And agree or disagree, here are the 5 ways, as presented by USA Today:
Lightest BMW Since 1991
1. A true backup gas engine. While some other electrics, like Chevrolet's Volt, offer powerful car engines as a backup to their batteries, BMW went with the tiniest of engines, a two-cylinder "range extender" motorcycle engine. It's coupled, however, with only a 2.6 gallon tank, meaning the car's range on gas will only be about 80 to 100 miles, about the same as it range on batteries. In other words, making a long trip in the i3 will require some fillups along the way.
2. It's the lightest BMW since 1991. At about 2,700 pounds, the i3 lightest since the 3 Series of another era, one that barely included a lot of the heavy safety equipment found on all cars today. The light weight will help the i3 get maximum range, that and other improvements like skinny low-rolling-resistant tires.
3. Despite its size outside, it has maximum room inside. That high roof and a rear door that opens from the front -- a so-called suicide door -- help open up the insides. It is also is made of sustainable materials.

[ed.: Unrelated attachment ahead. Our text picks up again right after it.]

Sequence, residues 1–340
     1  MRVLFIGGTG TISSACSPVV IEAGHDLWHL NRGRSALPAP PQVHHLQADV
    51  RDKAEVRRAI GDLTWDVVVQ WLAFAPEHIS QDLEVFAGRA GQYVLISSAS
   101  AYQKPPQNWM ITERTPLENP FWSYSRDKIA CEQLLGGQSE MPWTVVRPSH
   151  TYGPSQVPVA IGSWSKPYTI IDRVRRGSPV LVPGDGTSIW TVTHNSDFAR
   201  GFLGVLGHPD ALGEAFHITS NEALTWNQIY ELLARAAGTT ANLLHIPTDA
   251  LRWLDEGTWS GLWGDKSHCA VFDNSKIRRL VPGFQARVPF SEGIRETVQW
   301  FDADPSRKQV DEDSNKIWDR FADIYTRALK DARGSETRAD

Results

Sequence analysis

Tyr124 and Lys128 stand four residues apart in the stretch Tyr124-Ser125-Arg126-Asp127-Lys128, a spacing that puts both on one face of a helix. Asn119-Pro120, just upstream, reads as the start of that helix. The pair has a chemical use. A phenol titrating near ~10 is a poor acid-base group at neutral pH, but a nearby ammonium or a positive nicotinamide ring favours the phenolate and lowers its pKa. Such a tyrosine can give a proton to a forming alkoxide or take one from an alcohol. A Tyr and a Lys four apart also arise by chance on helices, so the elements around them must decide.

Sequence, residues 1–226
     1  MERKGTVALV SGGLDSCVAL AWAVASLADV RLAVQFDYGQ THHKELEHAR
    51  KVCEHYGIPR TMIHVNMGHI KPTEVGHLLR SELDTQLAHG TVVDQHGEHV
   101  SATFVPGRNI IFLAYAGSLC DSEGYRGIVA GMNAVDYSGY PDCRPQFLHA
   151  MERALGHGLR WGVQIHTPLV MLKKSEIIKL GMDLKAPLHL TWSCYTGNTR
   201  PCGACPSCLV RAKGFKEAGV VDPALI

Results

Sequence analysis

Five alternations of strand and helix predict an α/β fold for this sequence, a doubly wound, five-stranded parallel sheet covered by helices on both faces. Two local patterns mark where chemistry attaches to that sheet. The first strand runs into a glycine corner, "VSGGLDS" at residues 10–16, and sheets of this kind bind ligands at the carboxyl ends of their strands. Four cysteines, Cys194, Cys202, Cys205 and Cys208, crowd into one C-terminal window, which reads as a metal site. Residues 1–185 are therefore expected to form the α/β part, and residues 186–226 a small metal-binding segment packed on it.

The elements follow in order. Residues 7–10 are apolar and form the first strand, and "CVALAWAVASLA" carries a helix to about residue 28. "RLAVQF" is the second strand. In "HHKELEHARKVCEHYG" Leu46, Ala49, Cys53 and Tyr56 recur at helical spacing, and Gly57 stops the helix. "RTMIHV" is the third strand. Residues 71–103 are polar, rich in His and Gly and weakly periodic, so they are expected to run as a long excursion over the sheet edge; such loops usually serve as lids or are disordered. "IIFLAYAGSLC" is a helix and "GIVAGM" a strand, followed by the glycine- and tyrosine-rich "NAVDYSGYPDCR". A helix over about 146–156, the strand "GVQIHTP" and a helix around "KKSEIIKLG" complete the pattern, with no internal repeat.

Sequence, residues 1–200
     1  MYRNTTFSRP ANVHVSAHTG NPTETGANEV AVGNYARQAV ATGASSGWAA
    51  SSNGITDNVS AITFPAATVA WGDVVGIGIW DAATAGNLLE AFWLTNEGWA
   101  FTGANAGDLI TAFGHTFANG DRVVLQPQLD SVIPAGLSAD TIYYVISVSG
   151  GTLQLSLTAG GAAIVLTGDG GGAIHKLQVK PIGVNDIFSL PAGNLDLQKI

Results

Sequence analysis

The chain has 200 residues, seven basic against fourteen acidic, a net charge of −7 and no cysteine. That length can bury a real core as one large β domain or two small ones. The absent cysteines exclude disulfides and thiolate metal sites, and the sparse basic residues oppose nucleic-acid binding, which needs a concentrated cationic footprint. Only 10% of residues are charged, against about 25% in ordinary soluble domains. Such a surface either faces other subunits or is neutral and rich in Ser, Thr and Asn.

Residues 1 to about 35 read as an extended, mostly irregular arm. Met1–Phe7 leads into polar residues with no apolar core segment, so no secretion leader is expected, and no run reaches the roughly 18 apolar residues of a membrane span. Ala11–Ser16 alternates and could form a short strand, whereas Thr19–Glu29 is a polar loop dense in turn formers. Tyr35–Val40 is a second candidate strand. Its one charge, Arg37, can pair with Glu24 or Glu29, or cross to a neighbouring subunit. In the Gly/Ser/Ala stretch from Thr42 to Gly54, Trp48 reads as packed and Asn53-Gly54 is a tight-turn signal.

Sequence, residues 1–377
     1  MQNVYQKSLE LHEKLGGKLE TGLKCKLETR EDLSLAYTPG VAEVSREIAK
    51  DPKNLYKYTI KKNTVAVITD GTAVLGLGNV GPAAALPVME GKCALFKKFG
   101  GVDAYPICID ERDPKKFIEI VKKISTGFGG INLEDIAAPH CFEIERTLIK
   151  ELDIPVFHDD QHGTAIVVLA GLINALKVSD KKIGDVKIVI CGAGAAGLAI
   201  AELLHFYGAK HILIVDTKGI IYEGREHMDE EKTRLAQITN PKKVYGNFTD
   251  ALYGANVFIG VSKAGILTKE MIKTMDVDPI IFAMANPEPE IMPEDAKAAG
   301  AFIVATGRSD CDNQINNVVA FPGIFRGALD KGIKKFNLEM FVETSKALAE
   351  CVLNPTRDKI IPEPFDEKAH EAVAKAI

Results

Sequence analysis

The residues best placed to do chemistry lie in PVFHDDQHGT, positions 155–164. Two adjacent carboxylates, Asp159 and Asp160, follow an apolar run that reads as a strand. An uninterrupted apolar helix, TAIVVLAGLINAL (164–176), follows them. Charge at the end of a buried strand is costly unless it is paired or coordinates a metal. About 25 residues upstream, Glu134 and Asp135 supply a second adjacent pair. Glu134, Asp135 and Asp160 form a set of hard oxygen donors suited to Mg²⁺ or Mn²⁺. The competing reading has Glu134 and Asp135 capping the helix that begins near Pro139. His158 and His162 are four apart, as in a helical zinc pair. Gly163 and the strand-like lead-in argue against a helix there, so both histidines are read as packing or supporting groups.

4. It's more expensive. At a starting price of $41,350 plus $925 in destination fees, it costs more than a Chevrolet Volt, Nissan Leaf, Ford Focus electric or the raft of other electric cars out there, except for the superluxury models like Tesla's Model S. But it has something that the others don't, which bring us to our next point.
5. It's a BMW. The badge counts for a lot, even if the car itself hardly looks like the sleep, low, wide Ultimate Driving Machines for which the brand is known.
Really? The lightest BMW since 1991? So, battery-electric vehicles don't have to be heavy then? Myth busted.
Source: USA Today